What does the term ‘Lock-in’ refer to in the context of decision-making?

The decision-making process is a crucial aspect of our daily lives, as we are constantly faced with choices that can greatly impact our future. However, there are certain situations where we find ourselves stuck in a decision that we may have made in the past, unable to change course even when presented with new information. This phenomenon is known as lock-in and it can have significant consequences on our lives. In this essay, we will explore the concept of lock-in in the context of decision-making, its causes, and its effects on individuals and organizations. We will also discuss strategies to avoid and break free from lock-in to make more informed and beneficial decisions.

Lock-in can be seen as the escalating commitment of decision-makers to an ineffective course of action. It concerns institutional lock-in as compared to technical lock-in of which the QWERTY keyboard is a famous example. The decision-making process is characterised by various informal and formal decision-making moments and decision-makers can become committed to the project before the formal decision to build was taken. The formation of commitment is not necessarily bad, but when commitment turns into lock-in, it has by definition a negative influence on the project performance. Lock-in can occur at the decision-making level or at the project level. There are possibilities to avoid lock-in when decision-makers can be made aware of this phenomenon. However, lock-in can also be used intentionally, in which case, it is much more difficult to prevent and hence manage cost overruns.


Decision-making process

The decision-making process of large infrastructure projects is marked by the formal decision to build the project. However, there are several possible moments in the decision-making process before the formal decision is taken at which decision-makers are committed to the project.

The extent of which decision-makers are committed to the project is of importance here. Early commitment, commitment to the project before the formal decision to build has been taken, is in itself not necessarily negative. It could be advantageous to the decision-making process as it could enforce a decision. This eventually could limit delay and contribute to the projects’ performance.

Early commitment can result in negative outcomes once the commitment turns into escalating commitment and lock-in. As lock-in is based on escalating commitment, it has, by definition, a negative influence on project performance. Lock-in has the potential to explain the large cost overruns in large scale transportation infrastructure projects.



Lock-in with respect to decision-making (on large infrastructure projects) is created when sub-optimal policies are used as a consequence of e.g. path dependency, even though a better alternative is present. The term refers to the escalating commitment of decision-makers to an ineffective course of action (institutional lock-in as compared to technical lock-in). Escalating commitment itself refers to the style of psychological coping associated with the inability to withdraw from obligations. The process of escalating commitment is also known as “entrapment” , the “sunk-cost effect” , the “knee-deep in the big muddy” effect , and the “too-much-invested-to-quit” effect.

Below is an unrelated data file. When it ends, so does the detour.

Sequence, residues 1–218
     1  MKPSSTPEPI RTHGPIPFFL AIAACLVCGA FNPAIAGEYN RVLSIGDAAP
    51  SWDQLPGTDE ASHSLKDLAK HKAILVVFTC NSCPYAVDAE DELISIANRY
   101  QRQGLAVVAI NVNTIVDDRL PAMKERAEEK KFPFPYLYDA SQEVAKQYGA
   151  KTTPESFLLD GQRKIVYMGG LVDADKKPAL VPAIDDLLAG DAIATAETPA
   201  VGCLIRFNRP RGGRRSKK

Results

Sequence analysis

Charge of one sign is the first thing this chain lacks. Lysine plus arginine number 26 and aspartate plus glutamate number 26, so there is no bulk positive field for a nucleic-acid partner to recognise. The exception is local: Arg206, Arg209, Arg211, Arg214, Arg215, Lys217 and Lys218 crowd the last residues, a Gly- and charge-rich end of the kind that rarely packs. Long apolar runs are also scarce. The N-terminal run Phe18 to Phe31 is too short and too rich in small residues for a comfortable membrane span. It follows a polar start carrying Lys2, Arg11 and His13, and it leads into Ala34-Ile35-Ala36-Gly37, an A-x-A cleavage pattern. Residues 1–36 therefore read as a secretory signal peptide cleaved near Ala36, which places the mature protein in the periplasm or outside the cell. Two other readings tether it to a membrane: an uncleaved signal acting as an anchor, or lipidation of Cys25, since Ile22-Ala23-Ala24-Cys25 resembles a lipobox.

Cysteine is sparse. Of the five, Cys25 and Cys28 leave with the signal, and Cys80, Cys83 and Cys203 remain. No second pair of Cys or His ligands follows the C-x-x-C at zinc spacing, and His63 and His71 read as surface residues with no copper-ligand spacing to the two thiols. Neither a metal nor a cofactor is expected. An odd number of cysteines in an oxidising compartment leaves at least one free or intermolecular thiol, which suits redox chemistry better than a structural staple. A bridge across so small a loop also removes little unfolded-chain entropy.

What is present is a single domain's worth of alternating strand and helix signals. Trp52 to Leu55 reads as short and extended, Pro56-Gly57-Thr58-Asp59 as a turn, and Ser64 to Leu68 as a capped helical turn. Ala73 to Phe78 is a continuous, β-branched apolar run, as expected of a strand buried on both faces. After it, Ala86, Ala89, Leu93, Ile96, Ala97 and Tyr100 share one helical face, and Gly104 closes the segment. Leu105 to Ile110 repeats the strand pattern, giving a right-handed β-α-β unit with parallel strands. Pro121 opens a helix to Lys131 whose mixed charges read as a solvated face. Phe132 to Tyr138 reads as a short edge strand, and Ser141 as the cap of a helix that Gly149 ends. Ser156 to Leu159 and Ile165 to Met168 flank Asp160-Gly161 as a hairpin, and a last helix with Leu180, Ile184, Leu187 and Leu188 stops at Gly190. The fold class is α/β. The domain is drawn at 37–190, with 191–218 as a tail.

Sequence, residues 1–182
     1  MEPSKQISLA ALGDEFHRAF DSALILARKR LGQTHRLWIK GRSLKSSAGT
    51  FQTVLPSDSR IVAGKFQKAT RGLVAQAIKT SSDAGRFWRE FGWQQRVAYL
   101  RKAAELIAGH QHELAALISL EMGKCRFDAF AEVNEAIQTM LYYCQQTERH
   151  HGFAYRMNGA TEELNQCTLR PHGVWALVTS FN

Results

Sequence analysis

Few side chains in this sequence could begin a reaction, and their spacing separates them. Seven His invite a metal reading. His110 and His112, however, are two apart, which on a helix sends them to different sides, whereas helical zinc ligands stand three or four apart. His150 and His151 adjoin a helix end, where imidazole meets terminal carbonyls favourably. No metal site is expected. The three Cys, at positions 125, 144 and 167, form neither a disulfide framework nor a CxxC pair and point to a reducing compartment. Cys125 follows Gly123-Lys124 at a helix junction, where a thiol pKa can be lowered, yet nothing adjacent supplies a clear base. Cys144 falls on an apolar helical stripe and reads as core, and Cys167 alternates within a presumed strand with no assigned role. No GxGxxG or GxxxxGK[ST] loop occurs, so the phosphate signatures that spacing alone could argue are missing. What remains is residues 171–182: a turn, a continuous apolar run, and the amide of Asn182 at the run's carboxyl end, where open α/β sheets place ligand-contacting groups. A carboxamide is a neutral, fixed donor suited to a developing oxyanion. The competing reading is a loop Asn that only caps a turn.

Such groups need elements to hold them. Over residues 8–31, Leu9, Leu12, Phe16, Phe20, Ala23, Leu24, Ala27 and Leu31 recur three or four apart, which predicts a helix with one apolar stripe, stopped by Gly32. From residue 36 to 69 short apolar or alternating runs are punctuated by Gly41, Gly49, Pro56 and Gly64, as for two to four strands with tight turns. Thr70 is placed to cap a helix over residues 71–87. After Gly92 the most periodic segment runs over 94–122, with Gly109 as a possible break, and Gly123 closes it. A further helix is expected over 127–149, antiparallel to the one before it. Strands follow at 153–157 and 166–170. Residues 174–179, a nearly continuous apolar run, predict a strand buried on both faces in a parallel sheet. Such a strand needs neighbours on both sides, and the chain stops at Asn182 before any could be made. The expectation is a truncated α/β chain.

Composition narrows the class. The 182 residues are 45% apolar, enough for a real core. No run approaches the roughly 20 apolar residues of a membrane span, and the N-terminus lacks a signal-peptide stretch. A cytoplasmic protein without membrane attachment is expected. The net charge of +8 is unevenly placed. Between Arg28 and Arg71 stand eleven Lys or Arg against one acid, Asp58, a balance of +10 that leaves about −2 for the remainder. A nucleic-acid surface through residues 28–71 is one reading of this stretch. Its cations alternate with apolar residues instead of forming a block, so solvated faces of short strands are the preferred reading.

Lock-in can occur both at the decision-making level (before the decision to build) and at the project level (after the decision to build) and can influence the extent of overruns in two ways:

The first involves the “methodology” of calculating cost overruns according to the “formal decision to build”. Due to lock-in, however, the “real decision to build” is made much earlier in the decision-making process and the costs estimated at that stage are often much lower than those that are estimated at a later stage in the decision-making process, thus increasing cost overruns.

The second way that lock-in can affect cost overruns is through “practice”. Although decisions about the project (design and implementation) need to be made, lock-in can lead to inefficient decisions that involve higher costs. Sunk costs in terms of both time and money, the need for justification , escalating commitment , and inflexibility and the closure of alternatives are indicators of lock-in.



There are different types of lock-in; conscious/unconscious and intentional/unintentional lock-in. Some of these types of lock-in can be avoided. Decision-makers can be made conscious about their behaviour, for example by confronting them with the lack of sufficient alternatives. When these decision-makers are willing to change their behaviour and consider other alternatives, they are less likely to become committed to one project alternative and hence, the chance for lock-in can be partly avoided.

However, other types of lock-in are more difficult to control, especially intentional lock-in. Intentional lock-in is the result of specific behaviour of parties that act deliberately in the interest of their project.

Cost overruns may thus be partly unnecessary or avoidable if such deliberate creation of lock-in had not taken place, and be partly unavoidable due to the incapacity of decision-makers to make optimal decisions.

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